Further customization can be done with Custom Post Types. I’ve seen CPT being used in clever ways, from social media links to a list of portfolio items, CPT provides a really easy way to keep your repeated elements organized on the admin side. CPT works kind of like WordPress’ Reusable blocks whereas instead of creating everything in your site as a regular post, you can now designate areas where you can create more specific types – because not everything is a post and so those types won’t get lost in the mix. After creating new post types, you can then call them up using built-in WordPress hooks.

Check out the official documentation.

Contact Form 7

This plugin takes the pain of creating a form away. You can now create and save a form within your WordPress install to reuse anywhere you want via use of shortcodes.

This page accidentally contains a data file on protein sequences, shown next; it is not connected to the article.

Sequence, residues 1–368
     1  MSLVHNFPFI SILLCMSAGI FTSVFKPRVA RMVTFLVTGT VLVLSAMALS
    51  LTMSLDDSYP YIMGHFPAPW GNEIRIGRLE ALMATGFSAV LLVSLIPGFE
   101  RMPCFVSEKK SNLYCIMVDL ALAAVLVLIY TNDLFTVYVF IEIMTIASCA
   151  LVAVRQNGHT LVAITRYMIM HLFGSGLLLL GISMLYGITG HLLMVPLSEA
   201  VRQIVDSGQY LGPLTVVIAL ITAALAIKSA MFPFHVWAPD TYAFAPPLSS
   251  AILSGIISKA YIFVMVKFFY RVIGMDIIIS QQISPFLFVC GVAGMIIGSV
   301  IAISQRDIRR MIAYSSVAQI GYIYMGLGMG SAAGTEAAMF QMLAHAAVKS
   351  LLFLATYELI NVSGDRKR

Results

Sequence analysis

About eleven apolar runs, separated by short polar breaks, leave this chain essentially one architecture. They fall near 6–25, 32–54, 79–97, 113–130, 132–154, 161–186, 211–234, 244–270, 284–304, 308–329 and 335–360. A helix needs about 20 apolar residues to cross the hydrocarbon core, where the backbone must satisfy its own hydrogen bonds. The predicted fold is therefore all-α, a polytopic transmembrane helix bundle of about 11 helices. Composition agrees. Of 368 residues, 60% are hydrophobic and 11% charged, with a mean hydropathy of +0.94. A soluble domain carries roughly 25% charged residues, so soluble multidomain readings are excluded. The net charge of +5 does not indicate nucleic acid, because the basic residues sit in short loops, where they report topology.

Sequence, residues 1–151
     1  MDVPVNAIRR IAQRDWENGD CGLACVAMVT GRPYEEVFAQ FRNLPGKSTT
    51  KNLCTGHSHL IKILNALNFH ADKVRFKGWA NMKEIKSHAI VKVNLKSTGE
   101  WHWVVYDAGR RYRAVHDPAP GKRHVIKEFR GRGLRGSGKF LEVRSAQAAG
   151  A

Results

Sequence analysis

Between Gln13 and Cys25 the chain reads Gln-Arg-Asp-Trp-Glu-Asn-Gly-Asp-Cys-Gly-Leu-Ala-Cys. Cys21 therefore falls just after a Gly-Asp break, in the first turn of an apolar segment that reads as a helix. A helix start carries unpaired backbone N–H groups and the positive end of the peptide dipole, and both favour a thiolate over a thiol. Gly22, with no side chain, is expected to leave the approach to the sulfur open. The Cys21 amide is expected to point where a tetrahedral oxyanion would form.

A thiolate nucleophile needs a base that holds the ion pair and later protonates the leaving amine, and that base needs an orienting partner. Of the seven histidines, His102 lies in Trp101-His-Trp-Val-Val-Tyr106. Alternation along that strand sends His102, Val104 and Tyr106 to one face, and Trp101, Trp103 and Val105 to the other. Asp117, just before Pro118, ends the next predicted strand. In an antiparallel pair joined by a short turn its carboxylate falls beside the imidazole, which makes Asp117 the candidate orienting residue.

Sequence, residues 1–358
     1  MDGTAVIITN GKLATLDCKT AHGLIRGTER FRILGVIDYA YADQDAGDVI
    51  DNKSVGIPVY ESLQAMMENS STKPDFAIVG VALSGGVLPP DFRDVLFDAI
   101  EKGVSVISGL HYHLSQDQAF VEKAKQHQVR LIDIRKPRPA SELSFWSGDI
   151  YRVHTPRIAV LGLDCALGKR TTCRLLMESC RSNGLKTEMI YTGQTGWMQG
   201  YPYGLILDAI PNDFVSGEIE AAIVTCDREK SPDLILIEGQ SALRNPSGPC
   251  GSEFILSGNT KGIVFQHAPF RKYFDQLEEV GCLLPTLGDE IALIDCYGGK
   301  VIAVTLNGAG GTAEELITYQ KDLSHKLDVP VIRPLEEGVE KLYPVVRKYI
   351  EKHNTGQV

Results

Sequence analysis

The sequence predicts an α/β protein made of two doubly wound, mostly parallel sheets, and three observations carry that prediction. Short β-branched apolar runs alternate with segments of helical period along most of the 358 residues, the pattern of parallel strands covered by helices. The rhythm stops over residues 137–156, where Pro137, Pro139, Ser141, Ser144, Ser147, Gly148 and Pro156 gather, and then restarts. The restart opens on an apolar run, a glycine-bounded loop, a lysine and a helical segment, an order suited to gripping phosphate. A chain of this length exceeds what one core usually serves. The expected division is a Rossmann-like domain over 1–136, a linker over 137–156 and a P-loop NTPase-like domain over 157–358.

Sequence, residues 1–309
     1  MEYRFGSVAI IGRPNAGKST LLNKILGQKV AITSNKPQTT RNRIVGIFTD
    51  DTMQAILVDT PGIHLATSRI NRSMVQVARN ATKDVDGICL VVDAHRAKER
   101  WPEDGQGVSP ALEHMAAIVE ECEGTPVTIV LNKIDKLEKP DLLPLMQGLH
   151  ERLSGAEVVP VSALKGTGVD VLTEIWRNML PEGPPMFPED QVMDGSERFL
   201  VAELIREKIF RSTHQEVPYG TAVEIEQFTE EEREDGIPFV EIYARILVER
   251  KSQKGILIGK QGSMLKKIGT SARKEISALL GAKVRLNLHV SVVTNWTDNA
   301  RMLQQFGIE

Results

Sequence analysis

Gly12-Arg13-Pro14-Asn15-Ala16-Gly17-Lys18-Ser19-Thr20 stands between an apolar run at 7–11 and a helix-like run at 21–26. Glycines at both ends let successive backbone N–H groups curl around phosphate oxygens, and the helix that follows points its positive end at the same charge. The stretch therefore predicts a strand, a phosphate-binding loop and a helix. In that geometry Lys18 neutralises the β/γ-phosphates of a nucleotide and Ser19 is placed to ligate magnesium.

Contact Form 7 (don’t ask me what happened to the first 6) simplifies form creation by use of tags to create form elements like text fields, text areas, submit buttons, labels by surrounding those tags with square brackets! And it even has a preview pane for the response email that the user will get when they hit submit. This plugin takes the guess work as well as the headache out of creating email forms including the back end code to make it all work.

As a developer, you have decided to move your site to WordPress because you know you can make development easier and updates even quicker for yourself. Plugins fill the bill in terms of ease of use and reliability and that is the entire point of the platform. If you haven’t tried these plugins yet, you have no reason to wait.